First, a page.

Wednesday, March 15, 2017

How to Impress the Judge

If you have to go to Court, you are likely going to appear in front of the Judge.  You may stand in front of the bench where the Judge sits, or you may be at a counsel table with your lawyer, or you may be on the witness stand.

When you are in Court like that, you certainly want to get as favorable a ruling as possible.  The facts and law matter, but a third factor that can't be overlooked is how you appear to the Judge.  When you are in Court, you are being evaluated by the Judge as well as the other side's attorney.  Making a good impression can help your cause.

Here are some things to keep in mind when considering how to favorably impress the Judge.

1.  Appear reasonable.  You are much more likely to get what you want if you don't come across as crazy or unreasonable.  The Judge is very likely to not side 100% with either party and Judges tend to split things fairly evenly.  If you start out wanting all of the most valuable things or a high percentage in the property division, that may hurt your chances of getting what you want.

2.  Appearances count.  Come to Court in nice clothes, something you might wear to church or work.  Don't be flashy or trashy.

3.  Be Prepared.  It's a good idea, even if you're not a Boy Scout.  Bring what you need.  Don't say you can bring it later; now is probably your only opportunity.  Work with your lawyer to know what you need to bring.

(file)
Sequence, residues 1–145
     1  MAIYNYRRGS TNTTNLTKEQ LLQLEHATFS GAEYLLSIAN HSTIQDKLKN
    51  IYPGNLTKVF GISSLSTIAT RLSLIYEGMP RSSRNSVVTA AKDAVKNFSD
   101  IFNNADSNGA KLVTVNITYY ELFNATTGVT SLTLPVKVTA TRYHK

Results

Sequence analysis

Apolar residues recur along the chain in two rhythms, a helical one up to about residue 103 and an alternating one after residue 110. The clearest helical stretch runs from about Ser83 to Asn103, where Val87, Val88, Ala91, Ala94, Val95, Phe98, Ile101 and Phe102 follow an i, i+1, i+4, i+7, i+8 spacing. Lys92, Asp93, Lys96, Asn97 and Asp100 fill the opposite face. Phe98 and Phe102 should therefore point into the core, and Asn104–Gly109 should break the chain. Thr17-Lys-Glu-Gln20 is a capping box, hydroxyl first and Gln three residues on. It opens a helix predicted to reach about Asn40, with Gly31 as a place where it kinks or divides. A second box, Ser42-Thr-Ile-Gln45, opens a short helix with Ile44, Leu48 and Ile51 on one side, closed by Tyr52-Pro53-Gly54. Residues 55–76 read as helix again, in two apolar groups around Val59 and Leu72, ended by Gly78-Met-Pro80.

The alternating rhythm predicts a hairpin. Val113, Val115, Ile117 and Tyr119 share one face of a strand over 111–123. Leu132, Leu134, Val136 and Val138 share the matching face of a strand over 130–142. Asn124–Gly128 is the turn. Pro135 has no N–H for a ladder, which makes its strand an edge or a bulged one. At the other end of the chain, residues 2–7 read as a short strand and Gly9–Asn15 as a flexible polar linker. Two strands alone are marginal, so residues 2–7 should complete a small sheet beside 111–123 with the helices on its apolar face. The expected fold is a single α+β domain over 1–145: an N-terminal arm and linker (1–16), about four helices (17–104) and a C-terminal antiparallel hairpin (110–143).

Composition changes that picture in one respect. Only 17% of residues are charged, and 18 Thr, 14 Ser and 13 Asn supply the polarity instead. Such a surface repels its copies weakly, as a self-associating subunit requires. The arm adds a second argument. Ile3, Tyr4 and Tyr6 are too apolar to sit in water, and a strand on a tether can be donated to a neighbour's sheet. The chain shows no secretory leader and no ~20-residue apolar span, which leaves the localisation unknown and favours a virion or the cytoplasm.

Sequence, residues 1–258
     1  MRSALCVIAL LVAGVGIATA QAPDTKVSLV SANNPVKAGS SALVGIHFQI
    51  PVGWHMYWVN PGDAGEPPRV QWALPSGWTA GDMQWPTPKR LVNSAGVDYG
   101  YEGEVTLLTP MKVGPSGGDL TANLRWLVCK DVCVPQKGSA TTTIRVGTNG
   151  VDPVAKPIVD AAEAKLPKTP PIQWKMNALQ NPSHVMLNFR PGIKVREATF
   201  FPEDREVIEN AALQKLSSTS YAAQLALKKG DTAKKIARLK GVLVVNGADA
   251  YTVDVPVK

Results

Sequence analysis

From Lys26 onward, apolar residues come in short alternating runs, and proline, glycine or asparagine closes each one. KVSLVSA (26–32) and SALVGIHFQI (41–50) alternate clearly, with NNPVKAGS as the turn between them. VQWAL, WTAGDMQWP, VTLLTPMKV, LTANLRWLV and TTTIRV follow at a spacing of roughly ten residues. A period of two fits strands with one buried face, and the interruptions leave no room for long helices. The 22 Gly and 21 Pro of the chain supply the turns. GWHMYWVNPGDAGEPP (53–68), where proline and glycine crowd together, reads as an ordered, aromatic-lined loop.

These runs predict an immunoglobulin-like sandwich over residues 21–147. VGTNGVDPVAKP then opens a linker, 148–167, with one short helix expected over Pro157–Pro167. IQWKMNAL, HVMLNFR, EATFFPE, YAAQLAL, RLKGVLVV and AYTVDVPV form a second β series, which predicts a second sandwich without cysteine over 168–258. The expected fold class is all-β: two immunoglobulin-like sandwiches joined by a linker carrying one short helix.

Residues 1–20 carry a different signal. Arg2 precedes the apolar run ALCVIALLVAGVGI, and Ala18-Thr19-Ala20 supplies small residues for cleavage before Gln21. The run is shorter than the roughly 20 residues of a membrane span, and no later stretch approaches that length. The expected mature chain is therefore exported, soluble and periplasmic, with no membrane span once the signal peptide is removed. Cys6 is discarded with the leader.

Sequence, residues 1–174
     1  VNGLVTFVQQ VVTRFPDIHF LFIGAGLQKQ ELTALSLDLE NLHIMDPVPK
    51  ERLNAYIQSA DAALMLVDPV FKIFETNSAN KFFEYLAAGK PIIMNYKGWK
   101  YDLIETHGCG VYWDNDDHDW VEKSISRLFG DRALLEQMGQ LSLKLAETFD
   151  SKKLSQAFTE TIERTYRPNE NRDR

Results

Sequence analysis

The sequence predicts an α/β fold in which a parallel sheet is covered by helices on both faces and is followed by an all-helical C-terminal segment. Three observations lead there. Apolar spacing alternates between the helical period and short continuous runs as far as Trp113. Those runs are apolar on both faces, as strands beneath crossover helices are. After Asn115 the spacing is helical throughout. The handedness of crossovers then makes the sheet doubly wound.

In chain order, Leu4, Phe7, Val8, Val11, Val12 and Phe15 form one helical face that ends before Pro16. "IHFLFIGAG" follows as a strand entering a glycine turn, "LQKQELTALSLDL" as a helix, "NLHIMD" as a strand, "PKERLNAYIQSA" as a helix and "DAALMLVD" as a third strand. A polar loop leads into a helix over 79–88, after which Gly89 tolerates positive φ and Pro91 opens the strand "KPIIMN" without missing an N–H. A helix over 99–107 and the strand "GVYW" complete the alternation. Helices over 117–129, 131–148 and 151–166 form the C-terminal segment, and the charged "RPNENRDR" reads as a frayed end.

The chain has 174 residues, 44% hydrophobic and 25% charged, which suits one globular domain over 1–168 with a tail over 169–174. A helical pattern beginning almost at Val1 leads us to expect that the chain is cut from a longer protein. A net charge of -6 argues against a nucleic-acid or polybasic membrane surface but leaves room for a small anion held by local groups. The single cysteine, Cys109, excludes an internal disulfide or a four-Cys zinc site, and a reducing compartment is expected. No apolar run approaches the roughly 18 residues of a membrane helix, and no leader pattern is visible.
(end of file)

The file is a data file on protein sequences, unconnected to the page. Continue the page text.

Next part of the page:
4.  Be under control. That's especially true in front of the Judge, but also true outside of the courtroom.  What you do and say away from Court is often reported in Court, so think about how your actions and words might sound in Court.

5.  Don't interrupt.  If you are in Court, don't interrupt attorneys, other witnesses and especially not the Judge. You're not in charge. Your attorney and the Judge know what's important.  Follow their lead, even if you don't get to share something you think is important.

6.  Don't react or be rude.  Notice that almost every time an attorney loses a ruling, he or she will usually say, "Thank you, Judge."  It is a courtesy.  Your should also be courteous.

7.  Turn off your cell phone.

Going to Court can be very stressful, but sometimes is necessary.  Do yourself a favor.  Be prepared and keep your emotions under control.  Most of all, talk with your attorney and follow his or her advice.  Good luck!

No comments: